During the last years adiponectin has been shown to exhibit particular cardioprotec-tive properties (16). Adiponectin has been proved to participate in processes related to atherosclerotic plaque formation prevention such as inhibition of monocyte adhesion to endothelial cells by decreasing NFkB signaling through a cAMP-dependent pathway (45,48). In addition, adiponectin has been reported to protect atherosclerotic rodent models such as ob ob and apoE-deficient mice from both atherosclerosis and T2DM (8,16). The findings relating hypoadiponectinemia with obesity-associated metabolic syndrome and atherosclerosis in animals have a clinical parallel in humans as evidenced by studies showing a negative correlation of adiponectin with markers of inflammation (49,50). The hypoadiponectinemia characteristic of obesity is inversely correlated to insulin resistance and CRP levels (16). In addition, patients with CHD exhibit lower adiponectin concentrations compared with age- and body mass...

Glucose metabolism

Abnormalities in glucose tolerance are commonly noted in individuals with central obesity. As outlined in Chapter 1, it is now well accepted that the presence of insulin resistance in an individual will need to be compensated for by hyperinsulinemia in order to maintain normal glucose tolerance. In those individuals who develop diabetes, a progressive loss of the insulin secretory capacity fails to compensate for the insulin resistance and results in a progressive hyper-glycemia (see Chapter 1). Thus, an individual with obesity and insulin resistance, depending on the stage of compensation for the insulin resistance, may have euglycemia, impaired fasting glucose, impaired glucose tolerance, or overt hyperglycemia confirming the diagnosis of type 2 diabetes.

Yuji Matsuzawa

Key Words Visceral fat metabolic syndrome hypoadiponectinemia C-reactive protein acute coronary syndrome insulin resistance. Excess body fat, especially intra-abdominal visceral fat accumulation, is associated with a number of disease conditions, including dyslipidemia, type 2 diabetes, hypertension, and cardiovascular disease (1). Therefore, visceral fat accumulation estimated by waist circumference is adopted as an essential component of metabolic syndrome, which has been recently classified as a highly atherogenic state. Recent research, including ours, has shown that adipose tissue secretes various bioactive substances, collectively referred to as adipocytokines, that may directly contribute to the pathogenesis of conditions associated with obesity (2). Thus, adipose tissue seems to be an endocrine organ that can affect the function of other organs, including the vascular walls, through secretion of various adipocytokines. These adipocytokines include heparin-binding epidermal...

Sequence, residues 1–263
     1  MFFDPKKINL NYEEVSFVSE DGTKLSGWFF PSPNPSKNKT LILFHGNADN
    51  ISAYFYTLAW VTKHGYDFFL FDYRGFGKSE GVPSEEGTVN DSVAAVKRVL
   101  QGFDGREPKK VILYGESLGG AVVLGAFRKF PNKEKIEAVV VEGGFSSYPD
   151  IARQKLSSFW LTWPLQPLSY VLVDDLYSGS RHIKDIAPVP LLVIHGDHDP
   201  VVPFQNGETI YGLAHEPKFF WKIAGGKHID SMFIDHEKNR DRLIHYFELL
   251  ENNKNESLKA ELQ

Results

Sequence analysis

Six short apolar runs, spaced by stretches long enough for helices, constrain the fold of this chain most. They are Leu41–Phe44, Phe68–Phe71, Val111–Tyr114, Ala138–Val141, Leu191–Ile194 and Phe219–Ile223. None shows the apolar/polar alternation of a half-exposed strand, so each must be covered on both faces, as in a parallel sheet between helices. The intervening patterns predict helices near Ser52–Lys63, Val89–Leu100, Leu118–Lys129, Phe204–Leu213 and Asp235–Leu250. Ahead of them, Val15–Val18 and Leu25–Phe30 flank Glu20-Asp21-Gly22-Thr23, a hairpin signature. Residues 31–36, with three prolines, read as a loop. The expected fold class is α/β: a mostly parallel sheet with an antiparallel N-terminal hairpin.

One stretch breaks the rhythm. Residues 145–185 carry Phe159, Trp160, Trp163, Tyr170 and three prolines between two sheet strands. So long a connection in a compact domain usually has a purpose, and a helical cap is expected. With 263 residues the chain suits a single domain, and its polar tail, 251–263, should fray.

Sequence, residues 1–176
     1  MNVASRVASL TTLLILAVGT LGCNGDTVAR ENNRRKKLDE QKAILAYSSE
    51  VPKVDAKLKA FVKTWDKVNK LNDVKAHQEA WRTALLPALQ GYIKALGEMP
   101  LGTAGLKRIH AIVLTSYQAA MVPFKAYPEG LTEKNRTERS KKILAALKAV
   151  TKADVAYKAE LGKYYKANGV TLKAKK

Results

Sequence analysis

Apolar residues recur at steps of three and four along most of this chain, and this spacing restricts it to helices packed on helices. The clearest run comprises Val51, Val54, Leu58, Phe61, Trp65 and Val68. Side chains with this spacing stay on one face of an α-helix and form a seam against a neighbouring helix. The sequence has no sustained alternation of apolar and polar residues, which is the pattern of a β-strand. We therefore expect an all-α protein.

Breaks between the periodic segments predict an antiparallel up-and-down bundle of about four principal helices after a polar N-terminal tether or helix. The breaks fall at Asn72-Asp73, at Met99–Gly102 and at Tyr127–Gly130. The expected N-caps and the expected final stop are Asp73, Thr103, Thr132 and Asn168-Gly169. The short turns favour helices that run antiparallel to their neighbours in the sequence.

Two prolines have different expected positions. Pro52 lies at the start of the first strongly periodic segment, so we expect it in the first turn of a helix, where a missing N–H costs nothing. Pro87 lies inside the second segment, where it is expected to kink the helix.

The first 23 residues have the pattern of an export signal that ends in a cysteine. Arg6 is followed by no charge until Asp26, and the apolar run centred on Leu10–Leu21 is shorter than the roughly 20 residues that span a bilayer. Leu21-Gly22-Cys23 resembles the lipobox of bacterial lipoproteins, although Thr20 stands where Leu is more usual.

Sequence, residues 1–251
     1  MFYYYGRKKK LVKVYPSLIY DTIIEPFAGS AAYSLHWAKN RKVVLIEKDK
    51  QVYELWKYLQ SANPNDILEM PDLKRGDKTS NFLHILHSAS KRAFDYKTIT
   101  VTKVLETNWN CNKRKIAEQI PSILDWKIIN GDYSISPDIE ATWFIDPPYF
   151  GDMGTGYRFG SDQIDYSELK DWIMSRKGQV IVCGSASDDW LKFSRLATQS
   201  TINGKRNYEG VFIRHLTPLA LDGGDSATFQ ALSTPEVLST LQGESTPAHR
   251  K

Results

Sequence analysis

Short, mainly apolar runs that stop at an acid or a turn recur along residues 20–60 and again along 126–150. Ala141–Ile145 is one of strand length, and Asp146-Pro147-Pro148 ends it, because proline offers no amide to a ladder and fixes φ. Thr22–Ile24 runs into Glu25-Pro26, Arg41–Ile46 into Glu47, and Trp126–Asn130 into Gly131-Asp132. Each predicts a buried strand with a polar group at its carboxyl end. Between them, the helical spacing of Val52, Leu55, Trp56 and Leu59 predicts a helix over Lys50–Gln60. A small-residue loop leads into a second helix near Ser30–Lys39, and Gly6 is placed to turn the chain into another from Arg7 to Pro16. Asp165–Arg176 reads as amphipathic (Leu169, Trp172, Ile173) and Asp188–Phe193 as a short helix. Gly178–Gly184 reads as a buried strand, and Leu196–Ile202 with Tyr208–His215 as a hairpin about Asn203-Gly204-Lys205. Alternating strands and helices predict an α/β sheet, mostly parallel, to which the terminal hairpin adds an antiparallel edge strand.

Enzymes involved in TG synthesis continue to represent challenging and intriguing targets for small-molecule intervention against the worldwide epidemic of obesity, metabolic syndrome, and type 2 diabetes, as well as smaller market indications from rare familial diseases to veterinary use. There is also intriguing evidence that inhibition of these enzymes may be beneficial for diseases unrelated to the area of metabolic disorders, such as hepatitis C virus and cancer. The challenges of developing drugs that act on interconnected life-sustaining metabolic pathways are being met with next-generation medicines that are targeted toward individual tissues and organs. Over the next several years, longer term safety and efficacy profiles of intestine-selective MTP inhibitors such as lomitapide (23), implitapide (24), and JTT-130, as well as the DGAT1 inhibitor PF-04620110 (19), and other small-molecule inhibitors of enzymes in the TG synthesis pathway are expected to emerge. These results,...

PHSD1 Inhibitors

Early inhibitors of 11p-HSD1 were natural product analogs that generally had low 11p-HSD1 potency and poor selectivity over 11p-HSD2. Compounds such as carbenoxolone demonstrated modest in vivo effects on markers of metabolic syndrome, but were generally poor pharmacological tools because of issues such as selectivity. These inhibitors, as well as early work on thiazole analogs, were reviewed in 2003 53 . Subsequently, more in vivo results and several new chemical entities have been published in both the peer-reviewed and patent literature 54 . Thiazoles, triazoles, amides, and some miscellaneous derivatives have all demonstrated 11p-HSD1 potency as well as selectivity over 11p-HSD2. This review will focus on recent advances and compounds with published pharmacological data 55 .